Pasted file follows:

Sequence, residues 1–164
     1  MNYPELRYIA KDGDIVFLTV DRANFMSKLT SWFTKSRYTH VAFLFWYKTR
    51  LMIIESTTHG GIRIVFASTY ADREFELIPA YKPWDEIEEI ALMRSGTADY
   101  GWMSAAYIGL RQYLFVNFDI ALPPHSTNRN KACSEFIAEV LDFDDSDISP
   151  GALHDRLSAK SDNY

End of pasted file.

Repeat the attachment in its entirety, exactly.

Sequence, residues 1–164
     1  MNYPELRYIA KDGDIVFLTV DRANFMSKLT SWFTKSRYTH VAFLFWYKTR
    51  LMIIESTTHG GIRIVFASTY ADREFELIPA YKPWDEIEEI ALMRSGTADY
   101  GWMSAAYIGL RQYLFVNFDI ALPPHSTNRN KACSEFIAEV LDFDDSDISP
   151  GALHDRLSAK SDNY